While the statue in the Cemetery was no surprise to me the tea lights candles and lanterns all around the war memorial were unexpected. There were dozens of them, many actually alight, in all different shapes, sizes and colours. Who put them there is a mystery but it was a beautiful and moving tribute to those who died. For some time I stood looking at them and thinking about the sacrifices made in those dark days.

Much as I’d have liked to stay a little longer and maybe visit some of the other war graves, I had to get back to parkrun. There was just time for a quick look at the Belgian soldiers memorial. This too was surrounded by glass lanterns.

A few spots of rain were falling as I walked back across the grass. They didn’t come to anything though, apart from a rainbow over the parkrun finish funnel. Tempting as it was to go off in search of a pot of gold on the trail around Cemetery Lake, Commando and I had to leave quick smart. We had another race to go to in the afternoon.

The race in question was the next Hampshire Cross Country League event in Aldershot. Commando had never been there before and my only experience of it was a brief visit in June 2012 to see His Holiness the Dalai Lama at the Aldershot football stadium. Suffice to say we got lost. It also began raining torrentially which didn’t help matters much.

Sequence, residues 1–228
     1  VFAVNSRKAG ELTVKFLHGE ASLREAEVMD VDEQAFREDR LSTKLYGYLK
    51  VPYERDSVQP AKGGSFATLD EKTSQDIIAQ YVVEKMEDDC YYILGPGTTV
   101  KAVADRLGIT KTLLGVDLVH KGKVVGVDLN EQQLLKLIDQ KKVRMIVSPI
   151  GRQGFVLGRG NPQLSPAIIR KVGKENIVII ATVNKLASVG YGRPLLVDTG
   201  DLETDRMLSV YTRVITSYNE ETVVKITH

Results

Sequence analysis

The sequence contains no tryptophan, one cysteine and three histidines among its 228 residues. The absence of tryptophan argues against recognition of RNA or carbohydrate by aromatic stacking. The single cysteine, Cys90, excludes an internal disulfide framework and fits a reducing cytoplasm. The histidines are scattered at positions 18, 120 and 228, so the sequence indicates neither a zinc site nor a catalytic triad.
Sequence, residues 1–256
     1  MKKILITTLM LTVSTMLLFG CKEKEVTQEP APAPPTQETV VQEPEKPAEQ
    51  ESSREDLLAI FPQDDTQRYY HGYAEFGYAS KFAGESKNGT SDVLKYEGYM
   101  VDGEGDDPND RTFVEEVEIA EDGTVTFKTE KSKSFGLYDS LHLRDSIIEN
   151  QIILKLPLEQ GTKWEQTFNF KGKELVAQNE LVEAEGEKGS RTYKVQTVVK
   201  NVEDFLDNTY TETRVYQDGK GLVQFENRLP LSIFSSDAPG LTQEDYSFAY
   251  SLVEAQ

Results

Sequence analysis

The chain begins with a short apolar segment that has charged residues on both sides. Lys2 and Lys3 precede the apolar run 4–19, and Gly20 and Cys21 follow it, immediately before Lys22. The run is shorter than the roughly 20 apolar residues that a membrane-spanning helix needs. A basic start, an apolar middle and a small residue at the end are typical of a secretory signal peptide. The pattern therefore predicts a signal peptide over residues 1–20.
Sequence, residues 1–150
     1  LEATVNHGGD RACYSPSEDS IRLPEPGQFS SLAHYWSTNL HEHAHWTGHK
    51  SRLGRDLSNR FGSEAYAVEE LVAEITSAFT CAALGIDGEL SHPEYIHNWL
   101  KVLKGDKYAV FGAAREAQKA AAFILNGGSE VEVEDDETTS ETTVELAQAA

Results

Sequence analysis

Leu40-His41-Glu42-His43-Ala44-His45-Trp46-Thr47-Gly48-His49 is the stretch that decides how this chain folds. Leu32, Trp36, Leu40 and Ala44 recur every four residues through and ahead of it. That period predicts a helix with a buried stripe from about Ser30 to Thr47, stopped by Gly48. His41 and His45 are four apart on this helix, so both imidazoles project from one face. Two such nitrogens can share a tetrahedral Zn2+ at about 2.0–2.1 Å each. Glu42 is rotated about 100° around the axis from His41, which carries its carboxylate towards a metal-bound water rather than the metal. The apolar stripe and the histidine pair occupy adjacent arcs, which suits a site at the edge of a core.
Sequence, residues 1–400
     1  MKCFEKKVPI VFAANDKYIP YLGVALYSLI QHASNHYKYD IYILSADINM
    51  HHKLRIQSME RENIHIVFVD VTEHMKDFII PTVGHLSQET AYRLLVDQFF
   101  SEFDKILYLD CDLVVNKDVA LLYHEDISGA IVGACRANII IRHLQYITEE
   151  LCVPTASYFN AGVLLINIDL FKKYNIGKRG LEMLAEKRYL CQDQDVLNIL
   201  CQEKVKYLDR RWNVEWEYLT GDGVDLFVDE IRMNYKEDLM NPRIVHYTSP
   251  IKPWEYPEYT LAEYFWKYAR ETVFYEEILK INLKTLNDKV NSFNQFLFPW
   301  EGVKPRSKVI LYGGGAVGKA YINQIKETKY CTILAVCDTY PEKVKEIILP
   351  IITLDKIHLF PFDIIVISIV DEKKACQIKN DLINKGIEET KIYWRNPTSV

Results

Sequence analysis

Eventually we found the place but couldn’t find a way into the car park. In the end we parked up at the side of a lane some distance away and traipsed through the rain and mud to the start line. It didn’t look like it was going to be a fun afternoon in the slightest.

The course could best be described as a quagmire, there had been two earlier races so the wet ground was well churned up before the race even began. The rain was so hard I abandoned any thought of getting my fancy camera out and, instead, stood dripping, squinting through my foggy glasses and tried my best with my phone. Commando was almost gleeful at the sight of it. He’d just bought some new spikes for his running shoes and was pleased to be able to test them out. Have I mentioned that runners are very strange people?

If lap one had seemed bad, lap two was even worse. The rain had been falling steadily and the runners had turned the mud into a dirty pond. Photos were getting harder and harder to take, mainly because everyone was so covered in mud it was difficult to recognise them.

There was a third lap, but, by then, I’d put my phone away and given up trying to take pictures, although I did whip it out once, to capture a very wet, muddy Commando heading for the finish. This was undoubtedly the muddiest cross country race I’ve ever watched. Later I learned there was a small stream on the woodland part of the course. On lap one it was easy to step over. By lap two it required leaping. On the final lap the stream had grown to such proportions the runners had to wade through. Still, it did wash off some of the mud briefly.